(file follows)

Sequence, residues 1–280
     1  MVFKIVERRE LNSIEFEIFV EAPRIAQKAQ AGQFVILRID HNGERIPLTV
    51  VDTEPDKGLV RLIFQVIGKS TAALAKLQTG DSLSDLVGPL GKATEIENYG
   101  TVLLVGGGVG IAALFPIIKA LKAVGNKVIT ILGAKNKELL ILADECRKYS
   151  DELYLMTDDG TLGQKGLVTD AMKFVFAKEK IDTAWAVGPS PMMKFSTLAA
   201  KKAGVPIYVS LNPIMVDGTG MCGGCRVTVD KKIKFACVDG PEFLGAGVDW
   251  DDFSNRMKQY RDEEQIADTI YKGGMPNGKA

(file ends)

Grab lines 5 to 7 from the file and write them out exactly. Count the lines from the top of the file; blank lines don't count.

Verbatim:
   151  DELYLMTDDG TLGQKGLVTD AMKFVFAKEK IDTAWAVGPS PMMKFSTLAA
   201  KKAGVPIYVS LNPIMVDGTG MCGGCRVTVD KKIKFACVDG PEFLGAGVDW
   251  DDFSNRMKQY RDEEQIADTI YKGGMPNGKA